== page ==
prepotent


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prepotent

(prē-pōt′nt)
adj.
1. Greater in power, influence, or force than another or others; predominant.
2. Genetics Of, having, or exhibiting prepotency.

pre·po′tent·ly adv.

prepotent

(prē-pō′tĕnt) [″ + potentia, power]
Pert. to the greater power of one parent to transmit inherited characteristics to the offspring.

prepotent

having great power; of the two parents, the one with greater power to transmit heritable characteristics to the offspring.
References in periodicals archive ?
In the prepotent identity condition, the experimental procedure was the same as above, except that the list of action identification was replaced by a bogus questionnaire.
For example, socially competent behavior often requires not choosing prepotent responses (e.
2) As there is an assumed hierarchy in the needs and lower needs being more prepotent than the higher needs, basic needs would have greater effect on the SWB of the elderly.
In Malsow's theorization the appearance of a need usually rests on the prior satisfaction of another more prepotent need which is the strongest, in the sense that it has to be satisfied first.
The results indicated that the ability to inhibit prepotent responses to a situation is indeed related to the production of symbolic play, with greater inhibitory control being associated with more symbolic play, explaining 16 per cent to 30 per cent of the variance.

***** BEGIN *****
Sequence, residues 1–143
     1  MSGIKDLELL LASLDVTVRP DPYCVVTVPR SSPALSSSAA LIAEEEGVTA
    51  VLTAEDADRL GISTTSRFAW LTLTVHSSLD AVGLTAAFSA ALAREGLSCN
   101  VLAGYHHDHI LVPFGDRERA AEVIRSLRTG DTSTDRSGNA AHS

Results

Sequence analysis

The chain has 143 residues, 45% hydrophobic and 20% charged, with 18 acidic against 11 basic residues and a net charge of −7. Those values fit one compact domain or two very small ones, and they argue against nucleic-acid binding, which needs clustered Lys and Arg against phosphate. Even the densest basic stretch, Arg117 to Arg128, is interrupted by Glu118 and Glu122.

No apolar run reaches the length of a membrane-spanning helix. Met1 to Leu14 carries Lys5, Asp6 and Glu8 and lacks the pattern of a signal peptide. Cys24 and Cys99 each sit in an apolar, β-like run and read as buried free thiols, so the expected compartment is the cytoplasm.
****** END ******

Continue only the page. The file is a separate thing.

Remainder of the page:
42) Behaviourally relevant letters were letters that people had to distinguish from other letters associated with prepotent responses (habitual learned responses), thus differentiating their response (for example, when people are instructed to move their right hand when viewing any letter but b, that should elicit a response with the left hand; the latter is the behaviourally relevant one).
It has been variously described as including planning, initiating, monitoring, and flexibly correcting actions according to feedback; sustaining and shifting attention; controlling impulses and inhibiting prepotent but maladaptive responses; selecting goals and performing actions that may not lead to an immediate reward, with a view to reaching a longer term objective; holding information in mind whilst performing a task (working memory); and creatively reacting to novel situations with non-habitual responses (Hughes & Graham, 2002; Shallice & Burgess, 1991; Welsh & Pennington, 1988).
The tendency in the social sciences is to see factors in a kind of nested relationship with one another: some factors are more important than others, or some factors are acted upon by others in a kind of prepotent relationship.
If they do not out-vote them, the people of Germanic, of Slavonic, of Pelasgic, of Mongolian stock outnumber the prepotent Celts; and March seldom found his speculation centered upon one of these.
Once we introduce some uncoupling of what the spotter passes on of what the spotlight illuminates (this seems to require an intact superior frontal gyrus to inhibit prepotent responses (du et al.
On the need to "repress the boldness and the power of all prepotent individuals whosoever," see the extract from the provision of the Florentine government in December 1429, quoted in Brucker, 489-90.
Merinos are one of the oldest of sheep breeds, and centuries of selective breeding have resulted in a prepotent sheep that has been frequently crossbred with other breeds to improve their wool characteristics.